I’d never heard about Maropeng but when I discovered its background and that it had been declared a World Heritage Site by UNESCO in 1999, there was no doubt where we’d go.
About an hour’s drive from Johannesburg, Maropeng, the “Cradle of Civilization” is the area where our ancestors lived for more than 3 million years. The earliest human fossils, the most famous of which, “Mrs. Ples,” believed to be a distant relative of humankind, were unearthed in the nearby Sterkfontein Caves.
Samples of some of the fossils line the path leading to the museum, which rises like a dome out of the ground.
Maropeng houses several interactive exhibits that chart our evolutionary journey.
The elements – air, water, fire, Earth – are represented throughout the exhibits. For me, the highlight was the underground boat ride that took us back in time to the Ice Age.
As we exited the boat at the end of the ride, a photographer snapped our photos and, for a fee, we got to select the ones we liked as well as a background/border. When it was Sandra’s turn to select her photo and border, the technician took his pointer and, without saying a word, pointed to the similarities in her features to those of the lineup of ancestors in one of the available backgrounds. The resemblance was so uncanny that we couldn’t stop laughing.
After lunch, we traveled the short distance to the Sterkfontein Caves, a series of underground caves that descend 60 metres (approximately 200 feet). The entrance, now fitted with wooden steps, would have been an invisible trap to humans and animals alike.
Cool but not damp, even with an underground lake, the cave is well-lit with bulbs placed strategically throughout. Good thing too, as in some areas, the roof was quite low.
We had been moving along at a nice pace, stopping from time to time to view things of interest, that the guide pointed out, like the spot where Mrs. Ples was discovered, when, unexpectedly, the procession came to a halt. It took us a little while to figure out why. We had come to the lowest and narrowest part of the cave. Not only did we have to go single file, we had to come up with the best way to go through without cutting or scraping ourselves on the rocks. When it was my turn, I decided to crouch down, then inch forward feet first. I wondered how the pregnant woman – about 6 or 7 months along – would do. But, trooper that she was, she navigated it with relative ease. Her husband seemed to have a more difficult time as he had to carry their other child strapped to his stomach. His face was dripping wet when I saw him after.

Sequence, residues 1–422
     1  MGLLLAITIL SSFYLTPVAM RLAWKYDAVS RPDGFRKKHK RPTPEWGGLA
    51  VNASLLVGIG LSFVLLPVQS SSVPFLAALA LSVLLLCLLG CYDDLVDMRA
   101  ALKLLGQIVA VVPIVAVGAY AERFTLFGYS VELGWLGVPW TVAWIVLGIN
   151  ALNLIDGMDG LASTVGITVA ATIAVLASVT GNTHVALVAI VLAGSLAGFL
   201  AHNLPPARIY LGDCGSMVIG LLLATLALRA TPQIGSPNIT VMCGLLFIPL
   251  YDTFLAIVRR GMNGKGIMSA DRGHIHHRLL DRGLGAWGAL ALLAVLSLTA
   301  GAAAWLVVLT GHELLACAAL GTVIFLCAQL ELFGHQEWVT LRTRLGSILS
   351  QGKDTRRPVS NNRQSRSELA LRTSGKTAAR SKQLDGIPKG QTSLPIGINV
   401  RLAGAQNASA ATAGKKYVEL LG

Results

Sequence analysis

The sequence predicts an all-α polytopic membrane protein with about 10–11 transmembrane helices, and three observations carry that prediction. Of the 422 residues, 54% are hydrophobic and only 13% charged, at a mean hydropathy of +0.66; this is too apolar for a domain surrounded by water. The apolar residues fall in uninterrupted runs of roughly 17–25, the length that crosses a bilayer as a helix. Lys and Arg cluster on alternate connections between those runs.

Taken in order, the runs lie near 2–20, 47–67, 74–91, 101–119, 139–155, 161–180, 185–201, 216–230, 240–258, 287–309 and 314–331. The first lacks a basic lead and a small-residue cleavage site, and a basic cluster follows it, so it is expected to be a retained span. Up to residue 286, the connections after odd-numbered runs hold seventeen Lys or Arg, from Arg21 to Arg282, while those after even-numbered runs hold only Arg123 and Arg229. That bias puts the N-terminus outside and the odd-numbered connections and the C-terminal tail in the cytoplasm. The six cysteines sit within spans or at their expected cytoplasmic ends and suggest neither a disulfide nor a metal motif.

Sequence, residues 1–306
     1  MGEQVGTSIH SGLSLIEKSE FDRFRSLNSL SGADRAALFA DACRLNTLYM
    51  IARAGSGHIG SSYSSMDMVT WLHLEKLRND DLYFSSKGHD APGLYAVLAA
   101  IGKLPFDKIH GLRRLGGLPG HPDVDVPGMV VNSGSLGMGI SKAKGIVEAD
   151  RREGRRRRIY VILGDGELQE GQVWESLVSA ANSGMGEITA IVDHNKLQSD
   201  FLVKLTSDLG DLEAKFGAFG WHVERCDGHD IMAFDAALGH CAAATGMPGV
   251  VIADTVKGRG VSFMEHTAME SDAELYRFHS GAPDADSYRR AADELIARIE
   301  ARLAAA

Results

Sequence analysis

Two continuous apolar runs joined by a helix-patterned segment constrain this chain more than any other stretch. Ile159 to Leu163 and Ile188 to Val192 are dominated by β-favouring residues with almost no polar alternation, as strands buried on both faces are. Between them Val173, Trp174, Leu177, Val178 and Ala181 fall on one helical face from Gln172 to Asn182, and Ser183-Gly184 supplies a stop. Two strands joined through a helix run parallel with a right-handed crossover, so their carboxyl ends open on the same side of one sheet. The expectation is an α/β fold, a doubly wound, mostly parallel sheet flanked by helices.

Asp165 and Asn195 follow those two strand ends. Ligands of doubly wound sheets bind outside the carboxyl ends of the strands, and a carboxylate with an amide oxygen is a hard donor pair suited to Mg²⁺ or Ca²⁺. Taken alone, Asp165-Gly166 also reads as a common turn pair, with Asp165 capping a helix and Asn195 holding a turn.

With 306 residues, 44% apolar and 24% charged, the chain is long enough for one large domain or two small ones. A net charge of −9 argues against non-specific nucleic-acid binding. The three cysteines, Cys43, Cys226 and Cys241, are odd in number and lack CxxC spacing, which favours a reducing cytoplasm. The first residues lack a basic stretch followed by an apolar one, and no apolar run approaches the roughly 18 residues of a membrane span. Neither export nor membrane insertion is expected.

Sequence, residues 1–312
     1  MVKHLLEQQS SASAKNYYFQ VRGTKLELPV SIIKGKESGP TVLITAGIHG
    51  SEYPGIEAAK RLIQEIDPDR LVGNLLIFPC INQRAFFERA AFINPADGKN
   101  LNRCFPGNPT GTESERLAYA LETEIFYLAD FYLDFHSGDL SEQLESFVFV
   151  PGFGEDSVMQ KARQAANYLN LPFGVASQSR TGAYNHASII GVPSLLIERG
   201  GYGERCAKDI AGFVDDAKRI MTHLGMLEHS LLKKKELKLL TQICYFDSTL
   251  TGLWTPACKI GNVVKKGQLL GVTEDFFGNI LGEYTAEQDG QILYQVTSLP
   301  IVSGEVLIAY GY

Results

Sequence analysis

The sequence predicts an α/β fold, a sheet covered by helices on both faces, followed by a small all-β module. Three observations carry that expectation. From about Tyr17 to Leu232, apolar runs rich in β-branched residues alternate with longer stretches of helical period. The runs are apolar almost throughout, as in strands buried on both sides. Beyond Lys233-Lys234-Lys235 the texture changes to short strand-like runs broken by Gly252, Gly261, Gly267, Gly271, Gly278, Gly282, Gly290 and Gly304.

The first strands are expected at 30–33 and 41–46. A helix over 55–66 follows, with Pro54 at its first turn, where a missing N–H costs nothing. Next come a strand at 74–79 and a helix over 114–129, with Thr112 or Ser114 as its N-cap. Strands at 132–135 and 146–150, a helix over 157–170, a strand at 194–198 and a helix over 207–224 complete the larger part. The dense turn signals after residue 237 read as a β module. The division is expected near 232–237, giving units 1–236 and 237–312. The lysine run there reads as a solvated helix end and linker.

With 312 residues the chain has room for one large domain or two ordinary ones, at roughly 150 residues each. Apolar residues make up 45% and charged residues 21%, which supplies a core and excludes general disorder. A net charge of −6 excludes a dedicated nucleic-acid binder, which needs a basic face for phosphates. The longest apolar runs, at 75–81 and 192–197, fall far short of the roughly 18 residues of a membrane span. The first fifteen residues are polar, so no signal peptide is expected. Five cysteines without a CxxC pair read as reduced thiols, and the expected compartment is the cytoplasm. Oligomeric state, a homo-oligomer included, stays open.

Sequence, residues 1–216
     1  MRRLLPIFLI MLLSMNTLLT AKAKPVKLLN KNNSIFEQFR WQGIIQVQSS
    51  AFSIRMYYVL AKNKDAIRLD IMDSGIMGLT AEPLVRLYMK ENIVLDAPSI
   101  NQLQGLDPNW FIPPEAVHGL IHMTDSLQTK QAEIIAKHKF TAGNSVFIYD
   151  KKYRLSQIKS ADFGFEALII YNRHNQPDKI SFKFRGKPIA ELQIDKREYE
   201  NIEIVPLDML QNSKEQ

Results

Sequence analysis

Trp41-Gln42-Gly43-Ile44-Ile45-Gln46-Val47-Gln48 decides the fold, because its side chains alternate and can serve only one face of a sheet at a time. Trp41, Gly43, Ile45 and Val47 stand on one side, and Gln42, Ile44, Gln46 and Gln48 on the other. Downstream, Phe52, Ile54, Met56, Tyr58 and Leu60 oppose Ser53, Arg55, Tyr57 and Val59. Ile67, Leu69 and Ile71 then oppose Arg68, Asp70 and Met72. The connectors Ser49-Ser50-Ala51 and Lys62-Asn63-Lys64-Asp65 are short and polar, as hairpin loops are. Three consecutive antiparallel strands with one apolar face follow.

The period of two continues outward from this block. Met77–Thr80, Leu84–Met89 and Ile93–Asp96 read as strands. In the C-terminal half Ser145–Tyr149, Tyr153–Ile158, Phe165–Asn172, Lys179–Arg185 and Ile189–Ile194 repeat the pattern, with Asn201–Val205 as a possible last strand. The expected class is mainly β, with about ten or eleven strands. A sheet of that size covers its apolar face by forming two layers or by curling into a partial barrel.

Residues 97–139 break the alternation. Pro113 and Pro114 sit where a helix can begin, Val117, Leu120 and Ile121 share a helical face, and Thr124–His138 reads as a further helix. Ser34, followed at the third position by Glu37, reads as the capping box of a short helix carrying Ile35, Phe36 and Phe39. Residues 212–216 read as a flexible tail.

Shortly after that, we arrived at the sun-dappled exit and sat to catch our breaths. We hung back and chatted with the guide, marveling at her ability to do several tours a day when many of us (okay, so we’re definitely older and clearly not as fit!) could hardly finish one without feeling winded.
Our Impromptu Tribute to Michael Jackson
Later that evening, Stefan brought out several bottles of Tall Horse wine, and a bottle of Grunberger-Rosenlese, Judith’s new favorite. As he loaded up his iPod and Michael Jackson’s voice flooded the room. Someone pointed out that it would have been the deceased pop star’s birthday and our sing-along turned into an impromptu celebration as we rearranged furniture to make room for dancing.
Several glasses of wine later, we decided to go to a club that Thope had recommended. But we didn’t stay long. We were tired and the crowd turned out to be younger than we expected. It was near 3 a.m. when we returned to Shepherd’s Court and we were booked to leave for Victoria Falls at 11:00 a.m. the following morning.
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